Toxic fumes in Turkey, fire at plastic plant is on the rise

Toxic fumes in Turkey, fire at plastic plant is on the rise

A worker picks up plastic waste collected at a plastic recycling factory on a cart.

Cartepe (Turkey):

The number of fires at a plastic recycling plant in Turkey has risen.

Experts and activists suspect that this is not a coincidence, believing that some entrepreneurs sometimes want to get rid of unwanted waste imported from Europe.

Authorities shut down one of the sites in December after three fires erupted in less than a month in Cartepe, an industrial town in the northwestern part of the country.

One burned for more than 50 hours, sending toxic black smoke into the area between the mountains and the Marmara Sea.

“We don’t want our lakes and springs to be polluted,” said Behan Korkmaz, an environmental activist in the city.

He is concerned about the release of contaminated dioxin from a dozen similar fires within a five-kilometer (three-mile) radius in less than two years.

“Do we have to wear masks?” He asked.

Last year, on average, Turkish plastic processing plants caught fire every three days. The number has risen from 33 in 2019 to 121 in 2021, according to Professor Sedat Gundogdu, who specializes in plastic pollution at Kukurova University in the southern city of Adana.

‘Plastic lobby’

At the same time, Turkey has become the top importer of European plastic waste since China banned imports in early 2018 – ahead of Malaysia.

About 520,000 tons arrived in Turkey in 2021, adding four to six million tons of the country’s production each year, according to data compiled by the Turkish branch of the NGO Greenpeace.

Most of this waste ends up in the south of the country, especially in Adana province, where illegally operated companies have closed down in recent years.

Other waste containers arrive at the port of Izmir in the west and in the port of Izmit, not too far from Cartep.

“The problem is not importing plastics from Europe, the problem is importing non-recyclable or residual plastics,” said Baris Callie, a professor of environmental engineering at Istanbul’s Marmara University.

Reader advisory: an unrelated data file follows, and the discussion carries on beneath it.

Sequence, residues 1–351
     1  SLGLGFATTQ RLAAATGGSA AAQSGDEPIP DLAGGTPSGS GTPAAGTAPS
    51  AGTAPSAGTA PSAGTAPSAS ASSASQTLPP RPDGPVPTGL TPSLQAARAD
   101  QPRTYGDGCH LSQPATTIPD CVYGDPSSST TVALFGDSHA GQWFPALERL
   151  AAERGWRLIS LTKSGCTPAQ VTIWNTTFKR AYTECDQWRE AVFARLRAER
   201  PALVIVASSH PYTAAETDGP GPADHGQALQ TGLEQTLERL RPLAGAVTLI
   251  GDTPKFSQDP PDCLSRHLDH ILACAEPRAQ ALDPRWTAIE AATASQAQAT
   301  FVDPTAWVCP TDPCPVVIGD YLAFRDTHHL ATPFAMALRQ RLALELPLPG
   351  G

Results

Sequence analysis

“My feeling is that most of these fires are not just a coincidence,” he said.

He explained that only 20 to 30 percent of imported plastic waste is recyclable.

“The rest of the residue should be sent to the burned trees but the burned trees take some money … so when some companies have significant residues in their hands they try to find some easy way to get rid of them,” he said.

Gundogdu finds it curious that “most of these fires are happening at night” and away from the machine in the storage section outside the recycling center.

In a report published in August 2020, the international police agency Interpol, citing Turkey in particular, expressed concern about the “increase in illegal waste fires and landfills in Europe and Asia.”

Following a regulation in October 2021, companies in the sector convicted of arson may revoke their permits.

The ministry of environment and the vice-president of the waste and recycling branch of the Turkish Union of Chambers of Commerce did not respond to a request for comment on how many companies have been approved by AFP.

“The ministry can’t really investigate carefully, or maybe they don’t want to find out,” Callie said.

He said the lobby for the plastics industry in Turkey has strengthened in recent years.

According to the Turkish Recyclers Association GEKADER, the plastic waste sector generates 1 billion a year and employs about 350,000 people in 1,300 companies.

‘One sunlight is enough’

Overlooking a dilapidated warehouse in Cartwright in her office, where plastic is sorted before being recycled or legally burned, Aylene Sitakalli denies the arson allegations.

“I don’t believe it,” said the selection center’s environmental manager.

“These are easily combustible substances, anything can catch fire, just one ray of sunlight is enough,” he said.

Turkey banned the import of plastic waste in May 2021 after the release of pictures of potholes and river waste from Europe.

The ban was lifted a week after it took effect.

Back in Kartep, environmental activist Korkmaz is worried about the future of his region, where he has lived for 41 years.

He cites the example of Dilovasi, 40 kilometers (25 miles) away, where there are many chemical and metallurgical factories. Scientists have found unusually high cancer rates there.

“We don’t want to end up like them,” he said.

(Except for the title, this story was not edited by NDTV staff and was published from a syndicated feed.)

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